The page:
Wednesday, February 29, 2012

Startups and Vendors

I work with a lot of startups. I work for a lot of startups. Yup - two way street! Vendor management is frequently a large part of my job. Sometimes I'm the vendor, and sometimes I'm the client.

Usually, negotiating between a vendor and a client follows certain steps:

  1. Find each other. Sometimes the vendor finds the client, sometimes it's the other way around. Either way, there's a need and a provider, and you both kind of like the idea of working together.
  2. Identify a way to work together. You settle on a basic project with some goals and a simple structure. It can be anything from the vendor providing a service (e.g., hosting) to custom development work, to training, to co-working on something with the vendor on behalf of a customer.
  3. Pricing, Timing and Scope. This is where things get interesting. After all, the client wants things as cheaply as possible, and the vendor wants to make as much money as possible. In theory, the landing place should satisfy everyone.
So you've got the basic idea of what ya'll want to do, and you're starting to talk about money and timing. You've already established that both parties WANT to work together. This is just the stuff about making it happen. Here are some things to remember:
  • "Well, we're self funded." That's nice. And that's important to the party doing the paying, but it's not relevant to the conversation at hand. Leave it outside this conversation; it's just opening the way to emotional involvement and driving you farther from a deal. Where the money comes from doesn't matter. You the client need to talk what this project is worth to you in dollar terms.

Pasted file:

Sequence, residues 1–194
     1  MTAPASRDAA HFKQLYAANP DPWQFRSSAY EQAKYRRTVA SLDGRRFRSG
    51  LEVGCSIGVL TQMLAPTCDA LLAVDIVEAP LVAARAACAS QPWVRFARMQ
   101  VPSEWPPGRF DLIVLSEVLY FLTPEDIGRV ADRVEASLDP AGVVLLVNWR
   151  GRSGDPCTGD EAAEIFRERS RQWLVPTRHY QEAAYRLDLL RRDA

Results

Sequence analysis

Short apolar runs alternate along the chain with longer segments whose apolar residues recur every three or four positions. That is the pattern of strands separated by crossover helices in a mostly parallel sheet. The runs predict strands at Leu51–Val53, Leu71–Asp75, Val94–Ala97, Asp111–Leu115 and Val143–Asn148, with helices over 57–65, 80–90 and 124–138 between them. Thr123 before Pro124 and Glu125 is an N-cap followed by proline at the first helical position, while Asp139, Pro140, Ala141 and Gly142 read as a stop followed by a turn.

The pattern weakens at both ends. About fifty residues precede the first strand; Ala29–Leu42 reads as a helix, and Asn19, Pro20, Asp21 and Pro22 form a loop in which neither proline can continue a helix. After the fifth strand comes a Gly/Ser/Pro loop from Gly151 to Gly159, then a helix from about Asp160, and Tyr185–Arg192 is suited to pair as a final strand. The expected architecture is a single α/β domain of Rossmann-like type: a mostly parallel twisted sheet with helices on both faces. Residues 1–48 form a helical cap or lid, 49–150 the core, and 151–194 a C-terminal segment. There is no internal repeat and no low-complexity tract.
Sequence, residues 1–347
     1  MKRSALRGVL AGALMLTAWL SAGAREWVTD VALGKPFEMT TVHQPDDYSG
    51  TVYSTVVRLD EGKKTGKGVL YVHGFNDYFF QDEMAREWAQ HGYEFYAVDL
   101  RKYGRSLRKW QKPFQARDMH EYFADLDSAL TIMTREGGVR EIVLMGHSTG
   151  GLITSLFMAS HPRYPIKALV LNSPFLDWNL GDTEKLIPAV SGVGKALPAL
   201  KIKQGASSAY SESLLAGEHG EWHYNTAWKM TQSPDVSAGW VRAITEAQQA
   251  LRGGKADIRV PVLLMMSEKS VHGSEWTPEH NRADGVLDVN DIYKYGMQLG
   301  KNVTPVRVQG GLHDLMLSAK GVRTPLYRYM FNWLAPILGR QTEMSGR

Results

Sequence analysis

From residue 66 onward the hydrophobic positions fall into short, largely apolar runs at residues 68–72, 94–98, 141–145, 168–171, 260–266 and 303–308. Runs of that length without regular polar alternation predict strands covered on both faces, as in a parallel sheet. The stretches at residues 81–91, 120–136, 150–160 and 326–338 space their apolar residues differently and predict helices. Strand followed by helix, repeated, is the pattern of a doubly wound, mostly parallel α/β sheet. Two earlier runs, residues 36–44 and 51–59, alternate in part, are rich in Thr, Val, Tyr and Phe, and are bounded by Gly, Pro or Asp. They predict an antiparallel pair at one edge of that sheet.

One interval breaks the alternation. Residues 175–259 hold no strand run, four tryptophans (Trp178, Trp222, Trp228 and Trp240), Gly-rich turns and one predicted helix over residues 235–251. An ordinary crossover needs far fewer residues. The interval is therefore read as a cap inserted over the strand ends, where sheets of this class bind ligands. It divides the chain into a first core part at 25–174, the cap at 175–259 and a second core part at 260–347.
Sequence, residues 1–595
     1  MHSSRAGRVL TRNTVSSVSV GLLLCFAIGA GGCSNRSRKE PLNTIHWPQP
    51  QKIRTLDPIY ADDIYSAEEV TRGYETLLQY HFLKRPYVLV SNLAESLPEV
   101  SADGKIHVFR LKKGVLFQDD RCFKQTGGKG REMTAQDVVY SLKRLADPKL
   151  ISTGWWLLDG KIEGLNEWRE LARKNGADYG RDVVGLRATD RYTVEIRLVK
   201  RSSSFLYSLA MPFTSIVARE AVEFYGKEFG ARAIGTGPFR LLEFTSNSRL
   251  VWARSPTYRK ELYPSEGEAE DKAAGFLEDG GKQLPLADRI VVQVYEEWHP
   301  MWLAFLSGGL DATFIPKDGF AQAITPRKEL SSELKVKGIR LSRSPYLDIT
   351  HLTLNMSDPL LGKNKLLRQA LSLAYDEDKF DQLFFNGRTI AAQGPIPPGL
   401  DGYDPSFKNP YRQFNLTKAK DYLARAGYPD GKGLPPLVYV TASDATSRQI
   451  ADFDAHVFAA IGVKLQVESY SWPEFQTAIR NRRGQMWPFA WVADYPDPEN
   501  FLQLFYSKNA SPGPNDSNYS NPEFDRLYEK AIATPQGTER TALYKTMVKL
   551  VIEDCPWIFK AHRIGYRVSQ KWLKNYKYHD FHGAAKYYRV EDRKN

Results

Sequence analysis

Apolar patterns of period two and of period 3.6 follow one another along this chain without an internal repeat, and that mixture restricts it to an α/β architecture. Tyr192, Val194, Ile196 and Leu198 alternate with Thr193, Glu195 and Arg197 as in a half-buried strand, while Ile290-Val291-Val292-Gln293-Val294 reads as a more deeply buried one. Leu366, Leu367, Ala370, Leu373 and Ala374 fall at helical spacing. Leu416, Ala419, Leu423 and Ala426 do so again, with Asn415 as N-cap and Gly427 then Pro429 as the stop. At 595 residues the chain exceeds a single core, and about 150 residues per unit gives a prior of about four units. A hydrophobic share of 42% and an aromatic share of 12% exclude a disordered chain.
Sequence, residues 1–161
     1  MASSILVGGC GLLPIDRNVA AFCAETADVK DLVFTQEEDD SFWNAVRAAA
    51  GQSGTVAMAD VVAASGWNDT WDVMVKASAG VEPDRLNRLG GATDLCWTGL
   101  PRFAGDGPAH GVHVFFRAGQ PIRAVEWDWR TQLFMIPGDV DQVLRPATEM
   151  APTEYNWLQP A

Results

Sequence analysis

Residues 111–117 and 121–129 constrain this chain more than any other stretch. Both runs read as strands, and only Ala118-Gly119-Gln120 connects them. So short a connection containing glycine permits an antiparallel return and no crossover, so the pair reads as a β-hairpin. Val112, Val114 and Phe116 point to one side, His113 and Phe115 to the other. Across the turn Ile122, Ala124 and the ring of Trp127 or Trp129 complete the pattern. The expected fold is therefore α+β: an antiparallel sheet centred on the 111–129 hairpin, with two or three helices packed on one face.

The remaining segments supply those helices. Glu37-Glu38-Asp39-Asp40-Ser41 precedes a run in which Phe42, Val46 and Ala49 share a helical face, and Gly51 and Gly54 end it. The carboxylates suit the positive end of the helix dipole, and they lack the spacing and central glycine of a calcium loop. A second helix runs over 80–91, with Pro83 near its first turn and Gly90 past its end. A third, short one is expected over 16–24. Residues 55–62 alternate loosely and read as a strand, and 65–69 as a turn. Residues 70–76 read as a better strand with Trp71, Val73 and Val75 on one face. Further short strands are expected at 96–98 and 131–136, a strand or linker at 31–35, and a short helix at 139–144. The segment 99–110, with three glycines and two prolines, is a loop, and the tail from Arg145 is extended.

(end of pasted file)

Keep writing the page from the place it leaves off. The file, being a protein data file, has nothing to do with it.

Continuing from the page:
• Payment isn't always dollars. Maybe the dollars are simply not there. Consider payment in other services or other means. Don't have cash? Maybe the vendor will take equity. Are you a marketing firm looking for dev services? Consider paying in branding help. It won't always work, but it can broaden the creativity.
  • Adjust all parameters. There is a slider for money - how much this will cost. There are other sliders, too: time and deliverables are at least two of them. If you can't do the whole thing now, can you do part of it? Can you do it more slowly and stretch out the payments?

In the end, we're all looking to get the best deal possible while accomplishing some great thing. Start with that common ground, and be creative about the rest. There's usually a way to work together. All you have to do is find it.

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